Markets are expected to be unpredictable today, when options and futures on stocks and indexes all expire at the same time. This may cause considerable volatility, as some traders take profits while others assume that upward trends will continue. Countering this, there is often a holiday lull in trading. On Thursday, the Dow Jones Industrial Average set a new record-high of 28,376.96. The Dow broke 28,000 in mid-November, and it has been hovering in this neighborhood since then. Optimism continues in the U.S. economy, most recently bolstered by last month’s strong Jobs Report, the phase-one agreement in the U.S.-China trade war, and the successful approval of the renegotiated U.S.-Mexico-Canada trade agreement. This measure passed overwhelmingly in the Democratic-led House just one day after the House voted to impeach President Donald Trump. Many investors have continued to focus on positive economic factors, since although impeachment stains the president, the Senate’s oft-stated determination to acquit him leaves markets assuming business-as-usual.
Oil prices flattened briefly midweek based on news of increased supply. On Tuesday, the American Petroleum Institute (API) reported, for the second week in a row, across-the-board additions to U.S. oil inventories: 4.71 million barrels (mmbbls) to crude stocks, 5.6 mmbbls to gasoline inventories and 3.7 mmbbls to diesel stockpiles. Industry experts had anticipated a crude stock drawdown, a gasoline stock build, and no change in diesel stockpiles. The API’s net inventory build was a massive 14.01 mmbbls. This slowed the upward trend in prices.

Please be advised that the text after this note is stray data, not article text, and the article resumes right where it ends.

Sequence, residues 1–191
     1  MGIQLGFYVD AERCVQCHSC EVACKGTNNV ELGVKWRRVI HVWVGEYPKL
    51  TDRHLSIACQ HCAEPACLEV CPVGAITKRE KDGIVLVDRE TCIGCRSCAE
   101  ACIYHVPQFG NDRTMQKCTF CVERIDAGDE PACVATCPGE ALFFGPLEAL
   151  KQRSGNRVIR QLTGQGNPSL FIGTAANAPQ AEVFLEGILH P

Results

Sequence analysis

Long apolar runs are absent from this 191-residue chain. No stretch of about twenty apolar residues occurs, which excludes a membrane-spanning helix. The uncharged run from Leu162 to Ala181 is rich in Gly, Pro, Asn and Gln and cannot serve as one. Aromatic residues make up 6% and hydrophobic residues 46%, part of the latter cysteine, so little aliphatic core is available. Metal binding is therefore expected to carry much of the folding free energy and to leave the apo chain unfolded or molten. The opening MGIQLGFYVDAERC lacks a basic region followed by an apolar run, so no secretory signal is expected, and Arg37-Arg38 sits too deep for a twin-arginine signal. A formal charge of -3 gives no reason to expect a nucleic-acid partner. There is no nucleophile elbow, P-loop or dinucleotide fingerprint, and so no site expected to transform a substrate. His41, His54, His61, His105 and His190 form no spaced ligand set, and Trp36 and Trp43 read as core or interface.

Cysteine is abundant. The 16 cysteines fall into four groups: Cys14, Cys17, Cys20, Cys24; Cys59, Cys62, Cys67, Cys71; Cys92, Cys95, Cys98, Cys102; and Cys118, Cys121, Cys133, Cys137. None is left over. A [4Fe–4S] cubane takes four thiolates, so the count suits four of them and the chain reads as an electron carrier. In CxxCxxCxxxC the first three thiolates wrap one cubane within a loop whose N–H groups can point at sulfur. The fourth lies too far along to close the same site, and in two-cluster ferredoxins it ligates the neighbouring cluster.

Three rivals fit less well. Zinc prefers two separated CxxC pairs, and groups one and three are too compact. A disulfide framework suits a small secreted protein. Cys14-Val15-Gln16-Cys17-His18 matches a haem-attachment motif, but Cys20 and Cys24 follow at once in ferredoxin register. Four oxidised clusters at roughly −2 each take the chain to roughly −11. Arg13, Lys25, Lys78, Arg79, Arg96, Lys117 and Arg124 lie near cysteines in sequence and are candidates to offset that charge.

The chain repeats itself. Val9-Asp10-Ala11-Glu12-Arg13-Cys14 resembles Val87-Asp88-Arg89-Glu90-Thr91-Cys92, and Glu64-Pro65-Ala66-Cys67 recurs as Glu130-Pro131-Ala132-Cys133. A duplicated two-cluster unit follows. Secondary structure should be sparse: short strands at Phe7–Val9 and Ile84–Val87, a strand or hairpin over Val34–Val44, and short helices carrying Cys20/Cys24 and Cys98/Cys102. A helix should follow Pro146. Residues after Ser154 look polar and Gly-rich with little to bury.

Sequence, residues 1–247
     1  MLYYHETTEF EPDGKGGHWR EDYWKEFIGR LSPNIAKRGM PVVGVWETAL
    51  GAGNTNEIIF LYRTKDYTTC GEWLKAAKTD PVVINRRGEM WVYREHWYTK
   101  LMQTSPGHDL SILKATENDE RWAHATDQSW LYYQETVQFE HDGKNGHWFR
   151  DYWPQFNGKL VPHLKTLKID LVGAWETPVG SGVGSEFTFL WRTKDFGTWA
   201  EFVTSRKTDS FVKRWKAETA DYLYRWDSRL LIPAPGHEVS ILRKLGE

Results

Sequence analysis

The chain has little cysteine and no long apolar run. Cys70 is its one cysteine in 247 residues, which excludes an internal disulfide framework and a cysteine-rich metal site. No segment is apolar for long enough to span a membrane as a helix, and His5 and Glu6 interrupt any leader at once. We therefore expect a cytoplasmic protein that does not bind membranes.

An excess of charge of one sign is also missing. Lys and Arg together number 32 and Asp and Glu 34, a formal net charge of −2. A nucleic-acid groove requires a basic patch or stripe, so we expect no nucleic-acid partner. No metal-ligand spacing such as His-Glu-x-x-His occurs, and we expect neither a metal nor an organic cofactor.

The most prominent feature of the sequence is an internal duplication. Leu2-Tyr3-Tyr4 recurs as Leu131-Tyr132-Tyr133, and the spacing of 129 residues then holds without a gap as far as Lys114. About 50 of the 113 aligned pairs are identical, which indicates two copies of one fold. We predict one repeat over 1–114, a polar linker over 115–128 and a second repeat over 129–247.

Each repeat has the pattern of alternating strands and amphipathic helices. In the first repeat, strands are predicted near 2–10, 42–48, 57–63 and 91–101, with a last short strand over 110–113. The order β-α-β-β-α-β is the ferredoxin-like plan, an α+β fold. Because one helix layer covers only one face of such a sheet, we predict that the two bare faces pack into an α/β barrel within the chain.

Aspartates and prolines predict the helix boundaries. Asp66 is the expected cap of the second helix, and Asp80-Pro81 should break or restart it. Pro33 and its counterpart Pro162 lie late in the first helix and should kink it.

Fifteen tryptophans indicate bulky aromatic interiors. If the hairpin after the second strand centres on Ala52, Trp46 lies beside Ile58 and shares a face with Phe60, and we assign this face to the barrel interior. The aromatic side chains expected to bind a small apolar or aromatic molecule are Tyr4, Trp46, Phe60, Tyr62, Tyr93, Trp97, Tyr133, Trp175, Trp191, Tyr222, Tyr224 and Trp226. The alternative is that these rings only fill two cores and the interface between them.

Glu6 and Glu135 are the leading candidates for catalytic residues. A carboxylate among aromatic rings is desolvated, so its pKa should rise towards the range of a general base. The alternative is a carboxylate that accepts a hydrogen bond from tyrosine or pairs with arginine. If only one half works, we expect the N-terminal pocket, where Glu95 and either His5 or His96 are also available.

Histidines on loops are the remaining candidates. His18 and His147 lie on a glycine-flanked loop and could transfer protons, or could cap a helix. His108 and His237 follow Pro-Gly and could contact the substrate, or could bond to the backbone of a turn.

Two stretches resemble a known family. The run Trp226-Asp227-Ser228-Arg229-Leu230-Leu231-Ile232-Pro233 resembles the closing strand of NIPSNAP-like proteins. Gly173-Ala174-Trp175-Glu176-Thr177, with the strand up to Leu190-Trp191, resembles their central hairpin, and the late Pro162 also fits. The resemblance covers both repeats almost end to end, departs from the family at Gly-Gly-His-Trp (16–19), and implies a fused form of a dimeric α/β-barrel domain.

Prices resumed their upward trend when the EIA released far less bearish official statistics on Wednesday. Instead of a 4.71 mmbbl-crude stock build, there was a 1.085-mmbbl drawdown. Although this was more than outweighed by additions of 2.529 mmbbls of gasoline and 1.509 mmbbls of diesel, it showed a more balanced picture. The net result was an inventory build of 2.953 mmbbls, far less than the API data reported.
The EIA also reported that U.S. crude production remained stable at 12.8 mmbpd during the week ended December 13th. Production had hit a new record-high 12.9 mmbpd during the second half of November. Approximately 1.1 mmbpd has been added to U.S. supply this year. This has been accomplished despite a steady downward trend in active oil and gas rigs. The Baker Hughes rig count was unchanged during the week ended December 13th. So far this year, 276 rigs have exited the field. Nonetheless, the U.S. Energy Information Administration announced that the U.S. is on track to become a net exporter of petroleum in 2020.